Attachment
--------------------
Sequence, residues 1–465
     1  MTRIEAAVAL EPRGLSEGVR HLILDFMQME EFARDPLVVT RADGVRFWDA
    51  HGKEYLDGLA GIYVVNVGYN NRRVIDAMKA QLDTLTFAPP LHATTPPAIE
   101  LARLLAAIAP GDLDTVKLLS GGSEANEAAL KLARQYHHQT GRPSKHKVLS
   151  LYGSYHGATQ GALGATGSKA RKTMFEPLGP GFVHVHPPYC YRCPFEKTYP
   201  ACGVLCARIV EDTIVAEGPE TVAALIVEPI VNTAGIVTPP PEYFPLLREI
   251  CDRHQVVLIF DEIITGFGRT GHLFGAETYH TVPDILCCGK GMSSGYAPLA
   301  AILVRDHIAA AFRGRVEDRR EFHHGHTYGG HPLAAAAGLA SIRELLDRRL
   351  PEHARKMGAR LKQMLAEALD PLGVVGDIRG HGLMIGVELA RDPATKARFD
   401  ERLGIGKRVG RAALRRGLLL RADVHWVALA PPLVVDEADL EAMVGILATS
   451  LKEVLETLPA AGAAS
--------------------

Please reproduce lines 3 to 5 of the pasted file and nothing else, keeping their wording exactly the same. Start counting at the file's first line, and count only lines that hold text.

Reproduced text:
    51  HGKEYLDGLA GIYVVNVGYN NRRVIDAMKA QLDTLTFAPP LHATTPPAIE
   101  LARLLAAIAP GDLDTVKLLS GGSEANEAAL KLARQYHHQT GRPSKHKVLS
   151  LYGSYHGATQ GALGATGSKA RKTMFEPLGP GFVHVHPPYC YRCPFEKTYP